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Stress tests: how to make a calculated choice: spare your patients unnecessary stress testing by determining their pretest probability for CAD.

Practice recommendations

* Estimate pretest probability of CAD in patients with chest pain on the basis of age, sex, pain characteristics, and cardiovascular risk factors (B).

* Low pretest probability patients should undergo an exercise treadmill test alone (C).

* Intermediate pretest probability patients, including those with complete right bundle branch block or less than 1 mm ST depression at rest should have an exercise treadmill test without imaging (B). Patients with an electronically paced ventricular rhythm (C) or left bundle-branch block (B) require myocardial perfusion imaging.

* In high pretest probability patients, coronary angiography is an appropriate initial strategy for CAD diagnosis (C).

* In women, the data are insufficient to justify routine stress imaging tests as the initial test for CAD (C).

Strength of recommendation (SOR)

(A) Good-quality patient-oriented evidence

(B) Inconsistent or limited-quality patient-oriented evidence

(C) Consensus, usual practice, opinion, disease-oriented evidence, case series

Are you a wise "consumer" of stress tests? That is: Do you consider your patient's CAD probability score before ordering an exercise treadmill test or pharmacologic stress myocardial imaging (PSMI)? Are you as well-versed as you'd like to be on the predictive value of things like the Duke Treadmill Score?

If your answer is No to either question, this review may help guide your use of stress tests, based on evidence.

* What is the pretest probability of CAD?

The decision to order an exercise stress test or a PSMI should be based on history, physical examination, and pretest probability for CAD. You can estimate the pretest probability for CAD in a chest pain patient based on the patient's age, sex, and pain characteristics. (1)

Determine whether symptoms are typical, atypical, or nonanginal, based on whether the chest pain is substernal, brought on by exertion, or relieved by rest or nitroglycerin. (2)

To recap:

* Typical angina requires all 3 pain characteristics

* Atypical angina, only 2

* Nonanginal chest pain, 1 or none. (2)

Use this information (along with the patient's age) to determine whether he has a high, intermediate, low, or very low likelihood of CAD (TABLE 1). From the low, to the intermediate, to the high pretest probability levels, the positive predictive value increases progressively (21%, 62%, and 92%) and the negative predictive value decreases progressively (94%, 72%, and 28%). (3) (These values are based on a review of symptomatic patients who had angiography following stress testing.)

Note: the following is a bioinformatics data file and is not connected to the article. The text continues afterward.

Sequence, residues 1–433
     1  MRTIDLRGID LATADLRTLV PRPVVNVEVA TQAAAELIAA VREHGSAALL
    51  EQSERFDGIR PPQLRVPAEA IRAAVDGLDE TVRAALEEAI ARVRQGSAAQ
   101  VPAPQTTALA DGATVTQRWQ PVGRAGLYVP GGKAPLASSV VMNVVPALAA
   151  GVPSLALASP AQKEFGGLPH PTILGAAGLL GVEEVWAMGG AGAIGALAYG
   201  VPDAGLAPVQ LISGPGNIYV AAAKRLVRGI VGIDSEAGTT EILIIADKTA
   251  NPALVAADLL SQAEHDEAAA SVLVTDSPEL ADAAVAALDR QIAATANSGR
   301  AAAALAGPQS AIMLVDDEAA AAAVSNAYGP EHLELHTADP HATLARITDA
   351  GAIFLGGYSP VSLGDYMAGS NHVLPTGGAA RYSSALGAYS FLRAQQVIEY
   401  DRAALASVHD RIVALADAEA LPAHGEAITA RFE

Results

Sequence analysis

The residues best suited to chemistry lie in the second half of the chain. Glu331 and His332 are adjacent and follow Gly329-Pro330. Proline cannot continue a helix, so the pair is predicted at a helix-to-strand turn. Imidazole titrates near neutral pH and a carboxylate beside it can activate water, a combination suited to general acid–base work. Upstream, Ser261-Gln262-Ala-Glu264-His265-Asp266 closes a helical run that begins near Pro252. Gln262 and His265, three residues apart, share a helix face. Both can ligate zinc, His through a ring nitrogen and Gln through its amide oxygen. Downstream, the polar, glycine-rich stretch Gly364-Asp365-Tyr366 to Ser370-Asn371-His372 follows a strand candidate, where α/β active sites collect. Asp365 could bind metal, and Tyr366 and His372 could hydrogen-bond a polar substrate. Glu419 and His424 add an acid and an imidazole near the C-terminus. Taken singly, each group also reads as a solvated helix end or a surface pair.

Your patients' score dictates whether testing is required, and if so what kind.

Very low pretest probability patients should not have an exercise test, since they have a high risk of false-positive results. Evaluate and treat them for noncardiac causes of chest pain and begin primary prevention of CAD.

Low pretest probability patients should undergo exercise treadmill testing alone since negative results carry a high negative predictive value in both men and women, but positive test results may be false and can be evaluated by more studies. (3)

Intermediate pretest probability patients, including those with complete right bundle branch block or less than 1 mm ST depression at rest should have an exercise treadmill test without imaging modality. (3-5) However, intermediate pretest probability patients with baseline ECG abnormalities such as electronically paced ventricular rhythm or left bundle-branch block will require myocardial perfusion imaging. (5)

High pretest probability patients should have coronary angiography as an initial strategy for diagnosis of CAD. (3)

* History, exam, and ECG determine test suitability

Can your patient take an exercise stress test, or will he need a pharmacologic stress test instead? (See "A guide to sensitivity, specificity, and likelihood ratios for stress tests.") Can he pedal a bicycle, walk, or exercise for 6 minutes? On physical examination, take note of his gait, mobility, and limb strength.

What medications is the patient taking? Digoxin may cause false ST changes, beta-blockers may prevent attaining maximum heart rate, and antihypertensive agents and vasodilators may alter the blood pressure response, producing a false negative result. Nitrates attenuate angina and the associated ST depression of ischemia.6 In addition, metabolic abnormalities and cocaine or alcohol use may affect heart rate, metabolic oxygen demand and the ability to perform the exercise treadmill testing.